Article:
The Cathedral is reached from either Northgate Street or the winding St Werburgh Street. Records show that, around 958, the site was occupied by a church and shrine dedicated to St Werburgh (died ca. 700), abbess daughter of King Wulfhere of Mercia. A little over a century later, having regard no doubt to the salvation of his not altogether guiltless soul, Hugh Lupus, first Norman Earl of Chester, replaced it with a Benedictine abbey.
Chester Cathedral Map
Official site: www.chestercathedral.com
Address: 12 Abbey Square, Chester CH1 2HU, England
Opening hours: Jan 1 to Dec 31: 9am-5pm; Sun: 12:30pm-4pm
Entrance fee in GBP: Family £10.00, Adult £4.00, Senior £3.00, Group discounts £3.00, Child 16 & under £1.50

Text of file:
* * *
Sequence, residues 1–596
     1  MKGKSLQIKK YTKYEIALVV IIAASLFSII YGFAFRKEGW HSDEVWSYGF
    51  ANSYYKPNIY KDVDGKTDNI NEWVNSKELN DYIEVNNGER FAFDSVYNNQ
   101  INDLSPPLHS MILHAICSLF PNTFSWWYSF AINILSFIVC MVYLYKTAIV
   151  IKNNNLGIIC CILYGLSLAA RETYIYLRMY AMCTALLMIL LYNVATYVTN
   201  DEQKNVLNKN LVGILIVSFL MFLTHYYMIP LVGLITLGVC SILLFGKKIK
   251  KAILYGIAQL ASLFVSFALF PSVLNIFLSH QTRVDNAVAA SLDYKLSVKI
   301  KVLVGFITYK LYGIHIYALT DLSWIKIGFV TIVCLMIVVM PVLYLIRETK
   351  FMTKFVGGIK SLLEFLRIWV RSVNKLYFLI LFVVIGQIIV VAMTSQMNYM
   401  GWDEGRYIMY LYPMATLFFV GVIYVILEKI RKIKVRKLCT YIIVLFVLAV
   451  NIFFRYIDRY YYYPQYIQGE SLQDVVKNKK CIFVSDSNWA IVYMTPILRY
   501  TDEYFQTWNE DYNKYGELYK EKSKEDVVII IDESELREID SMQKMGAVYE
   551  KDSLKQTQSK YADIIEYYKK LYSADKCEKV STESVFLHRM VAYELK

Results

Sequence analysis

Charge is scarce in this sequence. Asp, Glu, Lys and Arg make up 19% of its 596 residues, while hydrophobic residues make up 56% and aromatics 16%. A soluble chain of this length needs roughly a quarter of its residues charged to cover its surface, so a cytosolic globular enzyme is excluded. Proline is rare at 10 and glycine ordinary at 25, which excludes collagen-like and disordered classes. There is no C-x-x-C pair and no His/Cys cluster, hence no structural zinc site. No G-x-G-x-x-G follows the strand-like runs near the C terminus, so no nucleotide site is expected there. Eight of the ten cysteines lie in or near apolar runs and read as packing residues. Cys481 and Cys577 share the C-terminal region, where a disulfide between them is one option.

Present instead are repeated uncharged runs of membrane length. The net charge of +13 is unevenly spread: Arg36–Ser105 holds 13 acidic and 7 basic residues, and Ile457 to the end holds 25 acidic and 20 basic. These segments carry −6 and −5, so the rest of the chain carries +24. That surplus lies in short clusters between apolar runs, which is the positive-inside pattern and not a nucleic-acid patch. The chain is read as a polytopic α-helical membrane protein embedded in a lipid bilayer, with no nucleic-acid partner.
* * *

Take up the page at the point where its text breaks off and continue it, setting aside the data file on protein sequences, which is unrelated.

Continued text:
Guides: Audio-visual presentations available.
Facilities: Gift shop, Restaurant or food service
Chester Cathedral Highlights
Leaving the west end of Chester cathedral, continue along the south aisle, past the massive south transept (14th century) which, with its three aisles, was used as a parish church (St Oswald's), to reach the Early Decorated choir, undoubtedly the finest part of the Cathedral. The late 14th century choir stalls are superbly carved, with 48 droll misericords and an old abbot's seat inscribed with the Tree of Jesse. Part of a 14th century shrine to St Werburgh can be seen in the Lady Chapel.
Somewhat unusually, the cloister (rebuilt in the 19th century) and the several surviving Chester abbey buildings grouped around it, are found on the cathedral's north side. The Chapter House and its vestibule are both Early English. In the refectory the hammerbeam roof is modern, having been completed in 1939; the stone lector's pulpit on the other hand, approached by a flight of steps set in the wall, is again Early English. The plain undercroft is Norman.
Map of Chester Attractions